In 384 BC, colonizers from the island of Paros in the Aegean Sea founded the city-state (polis) of Faros. It was situated a deep bay, close to the largest fertile field of all the Adriatic islands. They expelled the indigenous Illyrian population and divided the field into a network of equal plots measuring 180×900 meters.
Besides the wheat that was grown even in Antiquity, vines and olives are still the main agricultural crops grown in Starogradsko polje, in the centre of which is a water well. The millennial continuity of life inscribes the unique culture and destiny of the island even through the agricultural land concepts, from Faroska hora (Xορα Φαρου), through the Agera Pharenis and the Field of St. Stephen (Campus Sancti Stephani) to the UNESCO site of Starogradsko polje.
The Statute of the Hvar Community (Statut hvarske komune) from 1331 provides the picture of the late medieval life on the island. We learn here that the island’s prosperity is based on viticulture, winemaking, growing figs and carob, fishing and production of salted small fatty fish. The island owes it economic and cultural prosperity equally to safe harbors as well as skilled sailors and merchants.
The extent of the island’s prosperity hides in the fact that the island of Hvar is one of the centers of the Croatian Renaissance literature. The proof of strength of the humanistic thought and the Renaissance spirit are not only evident in the works of writers such as Marin Benetović, Mikša Pelegrinović or Hanibal Lucić, but also in the architecture of summerhouses and fortifications such as Tvrdalj built by Petar Hektorović in the Old Town.
The turbulent sixteenth century left important material and immaterial traces caused primarily by the events such as the Hvar People’s Uprising that took place from 1510 to 1514., the invasion of Ottoman Empire in 1539 and 1571. The imprint of these turbulent times also reflects in the legend about a miracle tears that appeared on a Hvar cross before the uprising. It is considered to be the beginning of the traditional Following the Cross Procession (za križem).
Stari Grad and Hvar became rich maritime towns in the 17th and 18th century. However, just a century later they shared the destiny of a sailing ships that slowly left the stage of history.
Starting from the late 19th century, the production of lavender oil and pyrethrum pollen, which is a natural, but almost forgotten pesticide, joined viticulture and fishery, with the accompanying processing of fish by canning and salting (the exceptional expertise of Stari Grad fishermen is best illustrated by the fact that, for almost fifty years, the island of Lampedusa organized a permanent summer camp where the island population were taught fishing and canning sardines) as important economic activities. It was in the time before the mass tourism that started in the 1960s, that lavender and Dalmatian pyrethrum (Chrysanthemum cinerariifolium) secured the survival of the local population that was strongly affected by the devastating effects of downy mildew from the end of the nineteenth century.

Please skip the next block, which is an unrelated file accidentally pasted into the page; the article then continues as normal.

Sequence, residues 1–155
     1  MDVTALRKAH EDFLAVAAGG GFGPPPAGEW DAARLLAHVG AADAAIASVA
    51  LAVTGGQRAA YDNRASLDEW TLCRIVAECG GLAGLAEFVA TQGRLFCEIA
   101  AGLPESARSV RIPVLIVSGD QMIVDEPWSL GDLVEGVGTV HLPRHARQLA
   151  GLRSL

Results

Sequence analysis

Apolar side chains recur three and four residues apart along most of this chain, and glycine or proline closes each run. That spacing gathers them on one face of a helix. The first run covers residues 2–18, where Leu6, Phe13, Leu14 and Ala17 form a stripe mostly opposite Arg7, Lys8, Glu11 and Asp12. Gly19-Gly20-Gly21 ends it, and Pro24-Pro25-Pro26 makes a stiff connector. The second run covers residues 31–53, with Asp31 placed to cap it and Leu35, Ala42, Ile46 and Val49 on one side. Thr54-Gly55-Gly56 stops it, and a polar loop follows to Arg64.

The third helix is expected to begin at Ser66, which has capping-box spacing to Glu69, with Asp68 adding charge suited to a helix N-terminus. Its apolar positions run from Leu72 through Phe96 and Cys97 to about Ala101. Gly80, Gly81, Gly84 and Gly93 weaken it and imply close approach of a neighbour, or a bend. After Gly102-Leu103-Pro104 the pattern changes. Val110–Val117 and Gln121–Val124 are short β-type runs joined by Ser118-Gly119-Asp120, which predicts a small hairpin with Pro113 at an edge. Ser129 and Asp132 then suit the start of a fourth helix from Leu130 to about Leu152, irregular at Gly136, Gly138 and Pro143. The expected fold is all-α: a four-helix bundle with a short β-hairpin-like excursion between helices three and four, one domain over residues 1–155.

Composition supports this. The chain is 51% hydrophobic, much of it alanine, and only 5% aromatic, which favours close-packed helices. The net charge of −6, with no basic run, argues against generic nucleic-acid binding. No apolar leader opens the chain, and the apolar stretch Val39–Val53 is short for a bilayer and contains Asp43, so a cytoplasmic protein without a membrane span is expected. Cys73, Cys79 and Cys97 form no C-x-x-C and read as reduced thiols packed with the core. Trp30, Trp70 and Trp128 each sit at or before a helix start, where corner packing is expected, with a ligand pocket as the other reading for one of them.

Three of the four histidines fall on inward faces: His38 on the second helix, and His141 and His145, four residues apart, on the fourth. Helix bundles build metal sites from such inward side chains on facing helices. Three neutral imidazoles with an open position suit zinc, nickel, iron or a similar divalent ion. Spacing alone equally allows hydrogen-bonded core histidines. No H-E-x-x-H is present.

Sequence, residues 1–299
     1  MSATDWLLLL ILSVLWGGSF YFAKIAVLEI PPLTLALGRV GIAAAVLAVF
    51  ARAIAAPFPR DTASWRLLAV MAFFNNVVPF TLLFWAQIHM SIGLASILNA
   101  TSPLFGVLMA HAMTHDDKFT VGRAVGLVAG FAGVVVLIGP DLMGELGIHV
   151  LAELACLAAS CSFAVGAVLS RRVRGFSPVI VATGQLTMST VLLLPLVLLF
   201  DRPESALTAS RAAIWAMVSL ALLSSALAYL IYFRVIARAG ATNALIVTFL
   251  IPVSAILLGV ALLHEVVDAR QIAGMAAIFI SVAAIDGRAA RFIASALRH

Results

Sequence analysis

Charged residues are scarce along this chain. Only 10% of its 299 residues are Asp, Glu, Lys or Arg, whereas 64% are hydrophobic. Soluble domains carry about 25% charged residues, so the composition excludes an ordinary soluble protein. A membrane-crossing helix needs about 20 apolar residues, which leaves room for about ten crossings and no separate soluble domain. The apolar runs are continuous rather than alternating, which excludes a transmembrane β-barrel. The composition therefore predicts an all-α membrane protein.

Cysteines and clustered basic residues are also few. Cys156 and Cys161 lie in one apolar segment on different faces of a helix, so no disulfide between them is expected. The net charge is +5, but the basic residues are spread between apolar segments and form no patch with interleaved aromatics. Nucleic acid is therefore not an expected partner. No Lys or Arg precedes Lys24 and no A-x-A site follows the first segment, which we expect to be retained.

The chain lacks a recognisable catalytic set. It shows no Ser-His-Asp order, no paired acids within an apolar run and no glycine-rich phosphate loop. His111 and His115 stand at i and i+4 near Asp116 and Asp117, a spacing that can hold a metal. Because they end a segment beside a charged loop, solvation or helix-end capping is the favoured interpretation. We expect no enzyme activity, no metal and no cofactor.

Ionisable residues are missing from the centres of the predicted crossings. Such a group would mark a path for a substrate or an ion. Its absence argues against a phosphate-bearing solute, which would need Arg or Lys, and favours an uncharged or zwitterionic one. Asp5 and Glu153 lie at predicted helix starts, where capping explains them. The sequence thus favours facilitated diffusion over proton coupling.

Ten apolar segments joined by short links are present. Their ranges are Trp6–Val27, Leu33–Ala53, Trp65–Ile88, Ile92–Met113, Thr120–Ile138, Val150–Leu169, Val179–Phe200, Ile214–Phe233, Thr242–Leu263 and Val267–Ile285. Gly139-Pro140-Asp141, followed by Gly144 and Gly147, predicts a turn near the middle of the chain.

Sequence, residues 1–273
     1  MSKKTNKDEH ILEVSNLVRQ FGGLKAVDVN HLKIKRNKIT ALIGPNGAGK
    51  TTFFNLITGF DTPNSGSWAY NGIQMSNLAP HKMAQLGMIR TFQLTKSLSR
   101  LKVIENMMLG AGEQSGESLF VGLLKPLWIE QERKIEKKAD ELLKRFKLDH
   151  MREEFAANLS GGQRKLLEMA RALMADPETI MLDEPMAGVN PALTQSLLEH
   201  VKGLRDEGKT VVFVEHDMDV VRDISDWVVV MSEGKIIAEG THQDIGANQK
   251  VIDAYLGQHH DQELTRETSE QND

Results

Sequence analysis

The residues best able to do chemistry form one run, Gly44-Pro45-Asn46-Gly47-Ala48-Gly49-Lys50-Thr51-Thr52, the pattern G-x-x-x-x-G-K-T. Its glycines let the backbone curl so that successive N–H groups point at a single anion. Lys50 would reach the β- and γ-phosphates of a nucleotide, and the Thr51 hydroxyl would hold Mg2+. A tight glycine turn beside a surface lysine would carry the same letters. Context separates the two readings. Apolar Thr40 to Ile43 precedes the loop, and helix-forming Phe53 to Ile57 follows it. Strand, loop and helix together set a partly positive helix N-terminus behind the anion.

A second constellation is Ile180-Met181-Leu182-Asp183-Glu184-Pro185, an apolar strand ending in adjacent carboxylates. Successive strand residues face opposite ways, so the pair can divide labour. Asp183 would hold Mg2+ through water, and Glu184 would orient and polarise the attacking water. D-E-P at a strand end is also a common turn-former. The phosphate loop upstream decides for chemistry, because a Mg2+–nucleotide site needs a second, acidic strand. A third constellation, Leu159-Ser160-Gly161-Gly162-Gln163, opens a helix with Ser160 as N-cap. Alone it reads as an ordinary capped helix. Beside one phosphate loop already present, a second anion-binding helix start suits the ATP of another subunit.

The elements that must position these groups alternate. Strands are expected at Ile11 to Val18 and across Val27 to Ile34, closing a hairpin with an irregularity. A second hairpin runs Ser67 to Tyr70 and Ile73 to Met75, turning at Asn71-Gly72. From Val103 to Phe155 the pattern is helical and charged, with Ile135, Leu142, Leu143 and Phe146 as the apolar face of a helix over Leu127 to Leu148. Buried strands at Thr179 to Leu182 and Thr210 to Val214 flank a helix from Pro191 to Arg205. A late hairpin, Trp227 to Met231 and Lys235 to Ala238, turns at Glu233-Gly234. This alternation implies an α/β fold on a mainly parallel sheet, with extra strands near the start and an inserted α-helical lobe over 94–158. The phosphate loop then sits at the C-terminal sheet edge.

The dietary image of the island of Hvar is an un-unrevelable web of influences of different cultures and historical eras, culinary habits of the wealthy aristocracy and later bourgeoisie, as well as simple dishes of the rural and fishermen population. The daily cuisine is simple and seasonal with pretty routine distribution of meals. The Dalmatian cuisine, i.e. the Croatian version of the Mediterranean cuisine is typical for at least two cooked meals a day, usually lunch and dinner.
In addition to family meals, it is necessary to mention the brunch (marenda), a meal that serves to make a short break in the working day and is quite often shared with colleagues or friends.
The daily diet, which traditionally comprises a lot of legumes (peas, broad beans, chickpeas and beans), freshly boiled (na lešo) vegetables and wild herbs spiced with olive oil and fish, is occasionally replaced by festive and regular meat menus on Sundays, holidays and public holidays.
The convivial character of meals is particularly emphasized by customs such as crucifixion feasts associated with the za križem procession or kanota – a feast that is held after the completion of an important job such as grape and olive harvest, or more recently at the end of the restaurant season.
The typical meals of the Hvar cuisine include dishes such as gregada (white fish soup with potatoes), artichokes with broad beans or peas, varica (stew of beans and cereals prepared for the feast of St. Barbara), ventrom (a thick soup dish made of lamb entrails and blood), panada (dry bread soaked in soup or water with olive oil), starograjski paprenjok (Renaissance cake made of honey, flour, olive oil and prosecco, spiced with cinnamon, cloves, nutmeg and saffron) or cvit (a crispy biscuit whose two ingredients are still bought in local pharmacies). It is a culinary curiosity that dormice are eaten only in the village of Dol on the island of Hvar and in the village of Dol on the island of Brač.
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The Mediterranean Diet encourages a holistic approach to food, favoring balance and frugality anchored in local agricultural products and the seasonality of food patterns.